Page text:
Comprehensive Primary and Preventive Care

Since July 1, 2009, no additional funding has been provided for new CPPC grant-funded projects for FY 2009-10. Following the 2011 legislative session, the program was completely terminated by SB 11-216. There is no longer a program providing funding to medical professionals so they may offer preventive and primary care to low-income Coloradans.

The Comprehensive Primary and Preventive Care (CPPC) Grant Program was established by the Colorado legislature to make service grants to qualified providers for their use in expanding the provision of primary and preventive care to medically indigent patients in Colorado.  However, it is not intended to supplant or expand the Children’s Basic Health Plan or Children’s Health Plan Plus (CBHP or CHP+), the Medical Assistance Program (Medicaid) or the Colorado Indigent Care Program (CICP).

FY 2009-10 Comprehensive Primary and Preventive Care (CPPC) Grant Program

 

The budget picture for FY 2009-10 has changed substantially and repeatedly since the Department submitted its initial FY 2009-10 budget to the Joint Budget Committee in November 2008.

Those who meet all of the criteria of a qualified provider, as defined in statute, are encouraged to apply for funds through this program.

A qualified provider is an entity that provides comprehensive primary care in Colorado and:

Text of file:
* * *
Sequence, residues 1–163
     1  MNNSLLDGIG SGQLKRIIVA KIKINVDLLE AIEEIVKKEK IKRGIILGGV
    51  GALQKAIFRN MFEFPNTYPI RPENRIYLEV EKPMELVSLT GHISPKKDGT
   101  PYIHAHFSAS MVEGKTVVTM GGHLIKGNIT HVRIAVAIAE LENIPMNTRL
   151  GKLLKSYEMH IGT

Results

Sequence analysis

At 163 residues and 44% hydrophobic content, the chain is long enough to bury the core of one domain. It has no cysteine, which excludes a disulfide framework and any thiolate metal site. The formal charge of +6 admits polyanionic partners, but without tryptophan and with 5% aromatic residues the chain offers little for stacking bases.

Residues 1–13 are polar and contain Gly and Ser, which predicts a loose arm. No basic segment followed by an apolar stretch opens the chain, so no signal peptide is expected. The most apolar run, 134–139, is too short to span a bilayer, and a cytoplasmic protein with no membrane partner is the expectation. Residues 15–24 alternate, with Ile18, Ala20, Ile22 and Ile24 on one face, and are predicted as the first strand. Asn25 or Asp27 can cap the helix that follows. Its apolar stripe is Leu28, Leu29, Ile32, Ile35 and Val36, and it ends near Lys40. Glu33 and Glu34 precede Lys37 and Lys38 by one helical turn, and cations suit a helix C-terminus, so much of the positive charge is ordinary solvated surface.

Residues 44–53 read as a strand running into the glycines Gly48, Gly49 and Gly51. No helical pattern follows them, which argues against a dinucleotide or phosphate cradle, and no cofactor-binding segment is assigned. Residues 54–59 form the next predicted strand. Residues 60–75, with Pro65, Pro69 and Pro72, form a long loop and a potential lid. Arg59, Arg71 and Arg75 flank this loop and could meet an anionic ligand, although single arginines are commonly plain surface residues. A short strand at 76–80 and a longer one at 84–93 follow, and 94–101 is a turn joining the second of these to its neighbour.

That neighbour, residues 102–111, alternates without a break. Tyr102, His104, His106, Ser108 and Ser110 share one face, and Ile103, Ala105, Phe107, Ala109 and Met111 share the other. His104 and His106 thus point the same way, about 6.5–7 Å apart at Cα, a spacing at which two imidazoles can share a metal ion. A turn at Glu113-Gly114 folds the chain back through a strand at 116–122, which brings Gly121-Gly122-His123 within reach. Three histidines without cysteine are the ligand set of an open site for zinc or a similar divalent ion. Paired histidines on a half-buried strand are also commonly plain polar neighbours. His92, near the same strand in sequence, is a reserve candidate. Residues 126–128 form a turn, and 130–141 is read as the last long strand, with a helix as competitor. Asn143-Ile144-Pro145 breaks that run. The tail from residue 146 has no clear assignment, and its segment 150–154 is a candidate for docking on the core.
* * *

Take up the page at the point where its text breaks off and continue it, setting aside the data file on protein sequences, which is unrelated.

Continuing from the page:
1. Accepts all patients regardless of their ability to pay and uses a sliding fee scale for payments or does not charge medically indigent patients for services;
  2. Serves a designated Medically Underserved Area or Medically Underserved Population as provided in section 330(b) of the federal “Public Health Service Act”, 42 U.S.C. sec. 254b, or demonstrates to the Department that the entity serves a population or area that lacks adequate health care services for low-income, uninsured persons;
  3. Has a demonstrated track record of providing cost-effective care;
  4. Provides or arranges for the provision of comprehensive primary care to persons of all ages.  An entity in a rural area may be exempt from this requirement if they can demonstrate that there are no providers in the community to provide one or more of the comprehensive primary care services; and
  5. Completes a screening that evaluates eligibility for the Medical Assistance Program, the CBHP or CHP+, and the CICP and refers patients potentially eligible for one of the programs to the appropriate agency (e.g., county departments of human/social services) for eligibility determination if they are not qualified to make eligibility determinations.

Grants shall be used by qualified providers to:

  1. Increase access to comprehensive primary care services for medically indigent patients;
  2. Create new services or augment existing services provided to uninsured or medically indigent patients;
  3. Establish new sites that offer comprehensive primary care services in medically underserved areas of the state or to medically underserved populations; or
  4. Maintain increased access, capacity or services previously funded by CPPC grants.